The Los Angeles Lakers have only won 24 games this year, but they could probably still make the postseason if the league decides to count moral victories. Their 10 point road loss to the Miami Heat on Sunday was emblematic of how things have gone all year for this collection of future Hall of Famers. They kept it close. They had a chance to steal it. They looked good in spurts. They could have won. But then they didn’t.
When it was all said and done, when it came time to actually win the game, they handed the outing to the other squad on a silver platter.
It’s time to stop playing fan fiction with this year’s club. The Lakers will not make the playoffs. There will be no magical run after the All-Star Break. This group won’t suddenly develop some semblance of chemistry en route to a late-season 30-game winning streak that will carry them through the playoffs.
The Lakers are a bad team. Bad teams don’t make the playoffs.
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Far more intriguing than what this team won’t do in the second half of this year is what awaits it in the offseason. Dwight Howard is going to be a free agent this summer, and the tension between him and Kobe Bryant/Mike D’Antoni has been palpable in recent weeks. It has gotten so bad, in fact, that his father actually came out and blasted both recently for trying to get his son to play through injuries.
“I told him before he said it publicly, ‘It’s your career. No person can say what you need to do or not do. You can’t worry about what Kobe or anybody else says,’” the elder Howard said (via AJC). “Nobody can say what Kobe said -- that’s stepping into another man’s shoes. I understand what Kobe was trying to do, but he went about it the wrong way. He’s trying to win a championship. But Dwight has to tell Kobe, ‘I appreciate your opinion, but that doesn’t matter. We’re two men on this team. We need to be reasonable about this.’”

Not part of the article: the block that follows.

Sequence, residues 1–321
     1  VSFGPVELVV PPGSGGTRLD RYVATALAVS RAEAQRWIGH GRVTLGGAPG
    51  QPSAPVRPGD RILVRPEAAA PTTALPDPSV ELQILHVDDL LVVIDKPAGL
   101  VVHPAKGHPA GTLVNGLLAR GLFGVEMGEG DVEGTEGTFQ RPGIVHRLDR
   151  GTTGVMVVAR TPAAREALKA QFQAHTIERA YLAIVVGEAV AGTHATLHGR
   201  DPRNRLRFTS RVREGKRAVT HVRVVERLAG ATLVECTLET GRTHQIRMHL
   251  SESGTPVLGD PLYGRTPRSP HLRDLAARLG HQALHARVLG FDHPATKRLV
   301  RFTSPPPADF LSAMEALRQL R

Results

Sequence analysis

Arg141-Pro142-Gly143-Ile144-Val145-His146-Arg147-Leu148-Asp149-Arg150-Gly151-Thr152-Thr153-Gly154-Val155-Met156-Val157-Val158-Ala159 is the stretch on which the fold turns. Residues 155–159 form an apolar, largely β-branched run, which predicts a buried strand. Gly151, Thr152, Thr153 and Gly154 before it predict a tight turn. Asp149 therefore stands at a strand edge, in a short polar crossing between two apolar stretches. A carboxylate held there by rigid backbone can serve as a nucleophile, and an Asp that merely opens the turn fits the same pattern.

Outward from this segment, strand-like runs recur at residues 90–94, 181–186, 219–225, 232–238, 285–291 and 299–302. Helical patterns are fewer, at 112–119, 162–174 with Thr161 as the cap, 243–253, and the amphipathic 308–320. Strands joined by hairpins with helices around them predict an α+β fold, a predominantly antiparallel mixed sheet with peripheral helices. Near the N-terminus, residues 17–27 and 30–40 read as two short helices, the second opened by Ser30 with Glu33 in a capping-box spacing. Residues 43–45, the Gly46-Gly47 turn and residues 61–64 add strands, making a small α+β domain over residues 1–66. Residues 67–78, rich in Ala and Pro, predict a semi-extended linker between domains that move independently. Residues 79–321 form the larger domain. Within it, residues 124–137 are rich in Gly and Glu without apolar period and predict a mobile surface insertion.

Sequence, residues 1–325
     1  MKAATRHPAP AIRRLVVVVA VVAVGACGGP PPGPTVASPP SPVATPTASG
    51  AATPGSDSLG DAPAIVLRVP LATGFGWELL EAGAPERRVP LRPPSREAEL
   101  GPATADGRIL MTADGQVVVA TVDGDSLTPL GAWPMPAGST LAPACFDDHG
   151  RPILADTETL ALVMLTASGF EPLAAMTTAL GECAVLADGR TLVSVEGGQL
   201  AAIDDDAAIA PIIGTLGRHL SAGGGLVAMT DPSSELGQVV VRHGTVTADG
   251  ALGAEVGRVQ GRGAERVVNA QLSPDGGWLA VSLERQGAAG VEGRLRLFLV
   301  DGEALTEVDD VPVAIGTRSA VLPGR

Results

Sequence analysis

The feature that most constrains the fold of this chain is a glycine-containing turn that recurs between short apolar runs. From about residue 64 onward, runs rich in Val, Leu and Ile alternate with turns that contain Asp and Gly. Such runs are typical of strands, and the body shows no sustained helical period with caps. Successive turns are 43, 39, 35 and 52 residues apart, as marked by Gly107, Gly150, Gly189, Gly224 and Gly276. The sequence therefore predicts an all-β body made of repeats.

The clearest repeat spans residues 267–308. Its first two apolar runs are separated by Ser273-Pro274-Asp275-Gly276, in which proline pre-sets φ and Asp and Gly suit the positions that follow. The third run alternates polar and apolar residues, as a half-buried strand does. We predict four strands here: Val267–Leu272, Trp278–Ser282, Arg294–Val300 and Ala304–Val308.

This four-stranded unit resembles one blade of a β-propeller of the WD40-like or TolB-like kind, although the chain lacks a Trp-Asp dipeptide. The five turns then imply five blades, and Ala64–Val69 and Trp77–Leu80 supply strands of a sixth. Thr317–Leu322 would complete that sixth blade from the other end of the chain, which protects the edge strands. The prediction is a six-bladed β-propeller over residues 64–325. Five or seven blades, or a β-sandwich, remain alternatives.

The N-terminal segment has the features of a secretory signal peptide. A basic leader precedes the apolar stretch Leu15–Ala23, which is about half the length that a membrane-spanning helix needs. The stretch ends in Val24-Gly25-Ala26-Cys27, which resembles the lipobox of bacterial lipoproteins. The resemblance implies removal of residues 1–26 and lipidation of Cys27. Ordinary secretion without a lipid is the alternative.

Dwight Sr. doesn’t blame Bryant entirely, though. He blames D’Antoni.
“The problem is the coach. (D’Antoni) needs to step in and say, ‘You guys have got to be quiet. We’re trying to secure something here. Dwight is probably looking at the coach, thinking, ‘What are you going to do?’ I promise, if that had been Stan Van Gundy, that wouldn’t have happened. (Howard) wouldn’t have been admonished publicly. I think the coach has a lot to do with who controls Kobe’s mouth right now.”
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And yet, despite all that, he didn’t think his son would end up with the Nets next year.
“Oh, I doubt it. That would surprise me.”
Or the Hawks.
“Dwight hasn’t said anything about Atlanta, either. But he likes home. I think he would love to end his career here, even though he hasn’t said that publicly.”
The Lakers can offer Howard a longer deal and more money than any other team in basketball. That has to be worth something to a 27-year-old who is coming off the most injury-plagued 12 months of his career. Of course, there is also something to be said for mental health. And is there really any doubt that the Atlanta Hawks, Brooklyn Nets and Dallas Mavericks (the three teams that will make a hard push to obtain him, one way or the other) would offer more calm circumstances?
Last week, upper-level L.A. sources told told ESPNLosAngeles.com's Ramona Shelburne that they were ‘very confident’ Howard would stay with the team. Moreover, they made it clear that they had no intention of trading him – a point Mitch Kupchak reiterated publicly as well.
Given what a train wreck this year has been, though, one can’t help but wonder: what’s this team’s future with Howard? Clearly he can’t co-exist with D’Antoni and Bryant. Neither is going anywhere any time soon. The franchise can’t really improve itself right now because its only legitimate trade chip, Pau Gasol, is losing value by the minute.
What's the next move?
The Lakers say they won’t trade Howard, but they also said they wouldn’t fire Mike Brown a week before doing it.
Changes need to be made in L.A. Changes will be made. It’s going to be interesting to see whether those changes result in Howard ending up in a different uniform.